Using Attaboy as a benchmark I can see Erf’s point. During my visit with Chris the service was impeccable. From start to finish we were extremely well attended to. The drinks we were given were carefully prepared to our specific tastes and while the prices were expensive (ish) you very much got what you paid for. I dug the atmosphere. It was great to feel like part of an exclusive club. Other friends have been less than enthused about the speakeasy concept.
“Every f-cking first date I’ve been on in the last two f-cking years has been at one of these stupid places,” said comedian Jill Colt. “Some idiot looks up a f-cking bar on Timeout and he acts like he’s introducing you into the upper echelons of society. You know a password? You’d pay twenty-two dollars for a sh*tty mixed drink? So what?”
I can see Jill’s point too. I love a good speakeasy but have also been denied by a bouncer in front of a pawn shop and waited forty-five minutes to drink a sickly sugary cocktail of “bathtub” gin.
To help you make the most of your speakeasy experience I’ve listed my five favorites, where they are, and how to get into them below.
Angel’s Share is entered through an unmarked door in Japanese Restaurant Village Yokocho Sidenote: The restaurant is worth a visit. Try the scallops with bacon. While getting a seat can be difficult – the location is small and predates most of the city’s neo speakeasies by decades – once you’re in the bar is immaculate. Angel’s Share is lit mostly by candles and a heavenly mural is painted overtop the rails. The room’s soft lighting gives a romantic vibe, but to make things feel a little magical I’d suggest ordering the Smoke Gets in Your Eyes, a bourbon/cinnamon concoction that comes complete with smoking cloves.
Location: 8 Stuyvesant St.
4. The Backroom
To enter The Back Room you open a gate marked Lower East Side Toy Company, head down a flight of stairs, wander through a dark alleyway, then try your luck with the bouncer. Inside the decor is from another time period. The two-floor establishment has massive ceilings, old-timey furniture, and a giant chandelier hanging from the ceiling. Cocktails at the bar can be hit or miss, but the beer is (relatively) cheap, and the ambiance more than makes up for it. If you’re feeling adventurous push at the far left bookshelf and see where it takes you.
Location: 102 Norfolk St.
3. Dinner Table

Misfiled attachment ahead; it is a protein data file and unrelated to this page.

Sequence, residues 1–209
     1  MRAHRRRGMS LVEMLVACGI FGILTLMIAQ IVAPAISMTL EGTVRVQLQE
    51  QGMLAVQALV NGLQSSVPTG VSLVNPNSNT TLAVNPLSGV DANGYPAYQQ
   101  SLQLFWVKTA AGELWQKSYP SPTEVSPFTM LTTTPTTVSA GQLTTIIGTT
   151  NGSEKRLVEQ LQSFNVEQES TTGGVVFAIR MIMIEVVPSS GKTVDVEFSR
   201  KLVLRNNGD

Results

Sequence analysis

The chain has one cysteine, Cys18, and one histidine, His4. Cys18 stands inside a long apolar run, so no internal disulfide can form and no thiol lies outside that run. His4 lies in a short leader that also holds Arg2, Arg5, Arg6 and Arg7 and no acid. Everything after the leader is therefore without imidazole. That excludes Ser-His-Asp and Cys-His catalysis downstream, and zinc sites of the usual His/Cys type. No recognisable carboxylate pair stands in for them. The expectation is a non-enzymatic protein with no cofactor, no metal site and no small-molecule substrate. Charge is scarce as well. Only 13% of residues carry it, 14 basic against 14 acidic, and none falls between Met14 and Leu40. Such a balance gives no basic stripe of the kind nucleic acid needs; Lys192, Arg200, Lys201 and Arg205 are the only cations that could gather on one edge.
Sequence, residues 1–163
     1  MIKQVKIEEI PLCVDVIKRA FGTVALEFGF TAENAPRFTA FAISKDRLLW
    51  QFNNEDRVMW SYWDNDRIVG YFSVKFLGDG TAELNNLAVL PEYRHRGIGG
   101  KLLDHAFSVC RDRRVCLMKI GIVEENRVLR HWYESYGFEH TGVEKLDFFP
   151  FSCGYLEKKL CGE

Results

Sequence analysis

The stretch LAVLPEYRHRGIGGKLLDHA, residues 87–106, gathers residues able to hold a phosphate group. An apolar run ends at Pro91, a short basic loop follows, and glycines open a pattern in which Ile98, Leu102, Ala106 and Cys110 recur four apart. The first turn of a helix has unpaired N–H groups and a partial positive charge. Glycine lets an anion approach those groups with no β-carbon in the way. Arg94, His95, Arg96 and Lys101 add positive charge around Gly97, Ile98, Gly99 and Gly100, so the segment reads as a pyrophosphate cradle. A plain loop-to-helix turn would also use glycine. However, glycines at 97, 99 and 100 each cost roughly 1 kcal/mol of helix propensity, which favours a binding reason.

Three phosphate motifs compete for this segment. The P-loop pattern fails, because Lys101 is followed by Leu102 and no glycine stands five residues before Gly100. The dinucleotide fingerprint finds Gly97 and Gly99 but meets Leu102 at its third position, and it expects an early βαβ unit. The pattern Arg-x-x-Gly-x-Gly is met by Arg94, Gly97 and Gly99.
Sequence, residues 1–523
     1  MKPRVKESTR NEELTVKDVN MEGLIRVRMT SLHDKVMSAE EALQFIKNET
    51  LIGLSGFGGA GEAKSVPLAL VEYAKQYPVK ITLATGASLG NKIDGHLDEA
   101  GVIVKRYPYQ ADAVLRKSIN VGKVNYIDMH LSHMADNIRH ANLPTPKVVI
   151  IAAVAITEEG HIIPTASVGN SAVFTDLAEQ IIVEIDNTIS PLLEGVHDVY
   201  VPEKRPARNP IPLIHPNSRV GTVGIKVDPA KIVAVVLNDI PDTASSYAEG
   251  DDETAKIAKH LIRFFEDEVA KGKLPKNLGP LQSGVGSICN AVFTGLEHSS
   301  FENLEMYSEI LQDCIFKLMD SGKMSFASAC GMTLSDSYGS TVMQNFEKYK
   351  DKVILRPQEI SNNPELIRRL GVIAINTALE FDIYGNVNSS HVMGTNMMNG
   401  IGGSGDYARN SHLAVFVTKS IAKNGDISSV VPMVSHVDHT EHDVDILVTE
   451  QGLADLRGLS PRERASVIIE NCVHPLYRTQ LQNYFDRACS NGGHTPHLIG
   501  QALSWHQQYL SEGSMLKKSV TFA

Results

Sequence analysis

This hidden restaurant is located inside of East Village watering hole, The Garret. If you head to the back of the bar, just past the bathrooms, there is an unmarked door with a small buzzer. Click it then wait to be taken in. Reservations are accepted, but the majority of the (extremely small) dining room is reserved for walk-in clientele. While speakeasies can feel overcrowded, Dinner Table gives you the chance to actually hear the company you came with and allows the charming staff to share their knowledge. Plates are small and great for sharing. I’d start with the popcorn ribs and octopus poke then go from there.
Location: 206 Ave. A
Apotheke is located down a Chinatown sidestreet. Look for the bottle above the door and check Instagram for the password. While initially, I was skeptical of the bar’s loose chemistry gimmick, the showmanship of the staff – there was a lot of fire used on my last visit – and the gigantic cocktail list won me over pretty quickly. Apotheke is also home to a variety of shows throughout the week: burlesque and jazz add to the mood of the establishment.
Location: 9 Doyers St.
No menu. Friendly staff. No bullsh-t. While the neo-speakeasy scene is often criticized for being pretentious and costly, Attaboy is run by people who truly love their business and want to share that love with their customers. Aside from the aforementioned hidden entrance, the staff makes the bar feel like the living room of a cooler, more knowledgeable friend. The decor is simple and the drinks are delicious. While other bars on the list have been more of an experience, this is the bar I keep coming back to.
Location: 134 Eldridge St.